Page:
Most fireworks illegal in state forests and parks
MADISON - People planning on camping in a Wisconsin state park or forest for the Fourth of July should enjoy fireworks displays in nearby communities -- not at picnic areas, campsites or other areas within state parks and forests.
Fireworks are illegal in Wisconsin state parks and forests, according to Jason Fritz, chief ranger for the Wisconsin State Parks program.
"For the safety of our guests and our resources, our rangers strictly enforce the no fireworks laws," Fritz said. "Fourth of July favorites, the sparkler and the snake, are not defined as 'fireworks' per Wisconsin state law, but most park and forest rangers and superintendents would rather not see them at all because they are a fire hazard."
A citation for illegal fireworks in a state park or forest can cost the lawbreaker up to $200 and parents could be liable for the full costs of putting out a fire started by their children playing with or setting off fireworks.
In fact, anyone responsible for starting a wildfire in Wisconsin is liable not only for the cost of putting the fire out but also for any damages, said Catherine Koele, forest fire prevention specialist with the Department of Natural Resources Division of Forestry.
As of the last week of June, fire dangers levels throughout Wisconsin were low, but even in low fire danger times, fireworks can start wildfires. So far in 2014, DNR records show 467 fires have burned more almost 2,500 acres in DNR fire protection areas of Wisconsin. Wildfires caused by fireworks only amount to five percent of the annual total, however, these fires typically occur in a condensed timeframe around the Fourth of July holiday.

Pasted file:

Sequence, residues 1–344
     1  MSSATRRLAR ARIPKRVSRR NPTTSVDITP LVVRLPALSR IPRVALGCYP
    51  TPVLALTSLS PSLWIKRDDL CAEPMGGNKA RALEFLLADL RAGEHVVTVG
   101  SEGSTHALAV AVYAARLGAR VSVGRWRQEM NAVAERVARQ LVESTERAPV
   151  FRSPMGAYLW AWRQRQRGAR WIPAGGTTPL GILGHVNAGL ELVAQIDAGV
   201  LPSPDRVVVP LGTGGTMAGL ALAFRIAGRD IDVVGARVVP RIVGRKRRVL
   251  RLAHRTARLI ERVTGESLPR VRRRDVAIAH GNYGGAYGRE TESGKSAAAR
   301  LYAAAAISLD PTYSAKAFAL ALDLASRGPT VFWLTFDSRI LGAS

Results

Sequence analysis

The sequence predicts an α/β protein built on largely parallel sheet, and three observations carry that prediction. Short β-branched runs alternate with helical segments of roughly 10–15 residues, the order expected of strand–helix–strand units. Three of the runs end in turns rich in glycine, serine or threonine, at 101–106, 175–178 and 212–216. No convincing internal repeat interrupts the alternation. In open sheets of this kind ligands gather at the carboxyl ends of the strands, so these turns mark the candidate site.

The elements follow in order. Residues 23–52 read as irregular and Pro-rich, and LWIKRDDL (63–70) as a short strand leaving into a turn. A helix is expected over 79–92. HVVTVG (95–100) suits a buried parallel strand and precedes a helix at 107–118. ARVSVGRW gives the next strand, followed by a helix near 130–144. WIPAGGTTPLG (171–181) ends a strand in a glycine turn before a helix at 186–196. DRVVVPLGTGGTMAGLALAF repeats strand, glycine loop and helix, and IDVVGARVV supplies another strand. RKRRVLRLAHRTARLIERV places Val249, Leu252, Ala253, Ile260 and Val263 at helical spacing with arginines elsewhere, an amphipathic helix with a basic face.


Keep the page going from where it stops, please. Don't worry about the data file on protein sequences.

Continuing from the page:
State air quality officials also caution that the use of fireworks produces high concentrations of chemical particles, which can compromise air quality in a given area for a few hours.
Due to this smoke released during firework displays, individuals with health issues ranging from asthma to emphysema as well as heart and lung disease are advised to take special precautions to avoid exposure, according to Anne Bogar, DNR air quality outreach specialist. In addition, she said, families with small children or elderly adults are at a greater risk of being affected.
Bogar says the best way to reduce an individual's impact of firework smoke is to avoid or eliminate the personal use of fireworks at ground level.
"A better alternative for individuals with health risks is to attend public events where fireworks are launched to a higher altitude, allowing more time for smoke to dissipate before reaching ground level," she said.